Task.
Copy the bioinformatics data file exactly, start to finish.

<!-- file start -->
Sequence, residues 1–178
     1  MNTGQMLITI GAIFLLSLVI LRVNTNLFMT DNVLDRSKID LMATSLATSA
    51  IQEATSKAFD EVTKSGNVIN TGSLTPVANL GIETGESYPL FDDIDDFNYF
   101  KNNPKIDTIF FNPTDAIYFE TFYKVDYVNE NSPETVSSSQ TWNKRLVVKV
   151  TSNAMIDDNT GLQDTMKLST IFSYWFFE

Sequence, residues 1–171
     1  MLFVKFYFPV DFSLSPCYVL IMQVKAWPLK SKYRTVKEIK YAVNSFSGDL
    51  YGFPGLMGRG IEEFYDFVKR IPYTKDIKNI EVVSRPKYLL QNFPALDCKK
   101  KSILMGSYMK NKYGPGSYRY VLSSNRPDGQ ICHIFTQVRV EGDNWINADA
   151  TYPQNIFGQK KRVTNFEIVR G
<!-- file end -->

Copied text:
Sequence, residues 1–178
     1  MNTGQMLITI GAIFLLSLVI LRVNTNLFMT DNVLDRSKID LMATSLATSA
    51  IQEATSKAFD EVTKSGNVIN TGSLTPVANL GIETGESYPL FDDIDDFNYF
   101  KNNPKIDTIF FNPTDAIYFE TFYKVDYVNE NSPETVSSSQ TWNKRLVVKV
   151  TSNAMIDDNT GLQDTMKLST IFSYWFFE

Sequence, residues 1–171
     1  MLFVKFYFPV DFSLSPCYVL IMQVKAWPLK SKYRTVKEIK YAVNSFSGDL
    51  YGFPGLMGRG IEEFYDFVKR IPYTKDIKNI EVVSRPKYLL QNFPALDCKK
   101  KSILMGSYMK NKYGPGSYRY VLSSNRPDGQ ICHIFTQVRV EGDNWINADA
   151  TYPQNIFGQK KRVTNFEIVR G